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The filmmaker also described the ‘existential dilemma’ faced by writers: ‘No one can survive doing that’.
Judd Apatow thinks studios and streamers already have an idea when the writers’ strike will end.
“I think they already know what they’re going to bend,” Apatow said Variety Saturday at the Rock4EB benefit in Malibu. “I assume they already know what date it’s going to end. They’ve probably been planning this for years.
The writer-director echoed comments heard at pickets in Los Angeles and New York after the Writers Guild of America and the Alliance of Motion Picture and Television Producers and Writers began a strike on Tuesday. Apatow explained that he sees the strike as a calculated business move by Hollywood’s biggest bosses.
“I always think that whatever happens, they probably figured it out already. When these things end, you never go, ‘I understand why it took so long.’ It’s not something that’s so inventive and amazing that you think, ‘Oh, people had to go to war for months.’ It’s always been a very obvious position,” Apatow said. “So the scary thing is that there is a solution, but all the commercial interests are in getting it quickly. I’m not sure they’re interested.”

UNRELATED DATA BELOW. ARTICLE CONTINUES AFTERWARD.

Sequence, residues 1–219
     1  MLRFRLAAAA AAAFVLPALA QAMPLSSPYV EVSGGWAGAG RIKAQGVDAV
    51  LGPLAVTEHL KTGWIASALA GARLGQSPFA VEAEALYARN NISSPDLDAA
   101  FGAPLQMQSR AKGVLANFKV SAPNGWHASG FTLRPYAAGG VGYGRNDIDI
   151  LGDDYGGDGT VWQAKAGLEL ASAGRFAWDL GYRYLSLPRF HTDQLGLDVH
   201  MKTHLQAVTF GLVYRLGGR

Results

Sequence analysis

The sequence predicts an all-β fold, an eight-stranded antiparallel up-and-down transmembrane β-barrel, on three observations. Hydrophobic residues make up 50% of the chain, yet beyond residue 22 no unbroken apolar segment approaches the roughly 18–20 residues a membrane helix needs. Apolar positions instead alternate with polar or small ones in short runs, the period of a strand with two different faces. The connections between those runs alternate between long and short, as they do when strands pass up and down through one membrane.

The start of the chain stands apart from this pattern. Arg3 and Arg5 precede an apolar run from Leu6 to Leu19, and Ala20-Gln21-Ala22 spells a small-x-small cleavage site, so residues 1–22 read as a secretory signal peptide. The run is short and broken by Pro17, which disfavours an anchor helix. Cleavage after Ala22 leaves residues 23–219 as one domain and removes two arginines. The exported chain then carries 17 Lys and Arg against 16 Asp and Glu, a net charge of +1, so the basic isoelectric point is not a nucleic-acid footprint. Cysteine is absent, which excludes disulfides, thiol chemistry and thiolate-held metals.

He shared that while no projects in production were directly affected by the strike, the strike “affects everything because we are in development on many things, so you have to stop… and then once the strike is over.” , everyone says, ‘Oh, now we have a balance, we don’t need anything’.
“That aspect complicates everything we’re trying to do,” Apatow continued. “We’re not in the middle of anything but writing.”
Apatow says that studios and streamers don’t see writers as essential parts of their end games. “We’re like the employees at Twitter, and if they wanted to save money, they’d lay off 80 percent of their workforce,” he said. “That’s why it’s an existential problem. If there’s no ecosystem of writers, nobody’s going to learn how to do it. Nobody’s going to survive doing it. And then everybody’s going to go, ‘Okay, I’ll write video games, do TikTok at home, and become an influencer.'” There’s a lot of creative people who can do it, so you don’t want the whole system to collapse.
He said the increased portion of the funding the WGA is asking for is not greedy and trying to get rich.
“Now we have a system that doesn’t reward success for many of these projects,” Apatow said. “If you make something and a billion people see it, you’re not going to make more money than it’s a disaster, right? It’s not good for creativity because it takes a lot of motivation out of creative people because people work so hard to create some sort of cushion for their lives. All our work comes to fruition. Successes pay for when things don’t go well. Sometimes they go well, sometimes they don’t, but you can live with the times you’ve written a lot of leftovers. [fees paid out]. It is always a dull business. But if you take away most of the linchpins, it’s a career that the majority of people can’t survive.